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New breed of fine wine collection to go under the hammer

Online auctioneer iDealwine is offering a cellar of Franco-Italian wines full of rare and highly- sought-after cuvées from ‘grower’ domains at its next sale this month.

photo credit: iDealwine

Starting on Friday 9 October, the sale features over 1,300 bottles which have been consigned by a French collector from Burgundy.

The collection was assembled in just 10 years, the consignor using his local contacts to get his hands on wines from estates such as Arnaud Ente, Ramonet, Coche-Dury, Armand Rousseau and Dujac.

In addition the French half of his collection includes top domains from Champagne, the Rhône, Loire, Jura and Beaujolais, names such as: Anselme Selosse, Jamet, Jean-Louis Chave, Clos Rougeard, Didier Dagueneau, Yvon Métras, Ganevat and Domaine de l’Anglore.

From Italy, meanwhile, there is a sizeable contingent of Piedmontese wines from the likes of Bruno Giacosa, Rinaldi and Giacomo Conterno as well as Barbarescos from Roagna and then Brunello from l’Azienda Agricola Cerbaiona and Montepulciano from Vietti alongside other wines from the Langhe and Friuli.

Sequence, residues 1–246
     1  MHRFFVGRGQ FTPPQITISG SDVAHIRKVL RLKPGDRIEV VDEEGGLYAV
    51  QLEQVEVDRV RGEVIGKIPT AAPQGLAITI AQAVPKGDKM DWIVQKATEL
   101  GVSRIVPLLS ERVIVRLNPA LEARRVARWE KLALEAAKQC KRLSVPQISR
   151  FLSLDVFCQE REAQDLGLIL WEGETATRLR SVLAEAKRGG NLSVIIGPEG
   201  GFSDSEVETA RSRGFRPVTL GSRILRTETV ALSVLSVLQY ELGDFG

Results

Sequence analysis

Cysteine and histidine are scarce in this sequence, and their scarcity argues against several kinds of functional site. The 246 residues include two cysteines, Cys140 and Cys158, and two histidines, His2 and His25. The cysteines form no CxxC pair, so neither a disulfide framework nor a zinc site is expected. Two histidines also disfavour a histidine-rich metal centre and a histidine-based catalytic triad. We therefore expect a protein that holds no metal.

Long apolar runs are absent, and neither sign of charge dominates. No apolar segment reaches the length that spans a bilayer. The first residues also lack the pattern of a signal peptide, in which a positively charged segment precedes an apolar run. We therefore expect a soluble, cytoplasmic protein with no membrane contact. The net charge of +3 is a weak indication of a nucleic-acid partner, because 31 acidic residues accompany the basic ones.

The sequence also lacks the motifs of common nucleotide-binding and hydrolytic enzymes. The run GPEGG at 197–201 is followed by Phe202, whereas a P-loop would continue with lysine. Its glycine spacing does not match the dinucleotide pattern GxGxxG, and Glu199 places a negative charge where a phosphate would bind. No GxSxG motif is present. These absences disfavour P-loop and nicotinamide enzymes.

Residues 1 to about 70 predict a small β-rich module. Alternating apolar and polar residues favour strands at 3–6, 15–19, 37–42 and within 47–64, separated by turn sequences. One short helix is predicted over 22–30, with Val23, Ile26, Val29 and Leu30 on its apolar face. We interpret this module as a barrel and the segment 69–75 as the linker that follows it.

The Italian wines were actually acquired through a ‘swap’ of some of the consignor’s Burgundy with bottles from a Piedmontese collection. All the wines have been professionally stored after purchase.

The collection is interesting in that it represents less of a ‘classic’ fine wine cellar and more of a ‘sommelier’ one, full of the labels and producers whose wines have swept the lists and shelves of the hippest wine places from San Francisco to Tokyo (going eastwards) over the past few years.

Domaine de la Romanée-Conti, Leroy, Lafite, Mouton Rothschild and Dom Pérignon are nowhere to be seen, replaced instead with Coche-Dury, Dujac, Chave, Métras and Ganevat; the new wave of desirable French domains.

This phenomenon has been remarked on by both the drinks business and iDealwine in the recent past, along with the rising cost of some of these wines. iDealwine has been seeing increasing amounts of these ‘grower’ labels offered and quickly snapped up on its platform and offered a similar array of “natural wines” in a big sale last October as well.

How much longer will it be before the trend bleeds through to the bigger collections and auction houses?

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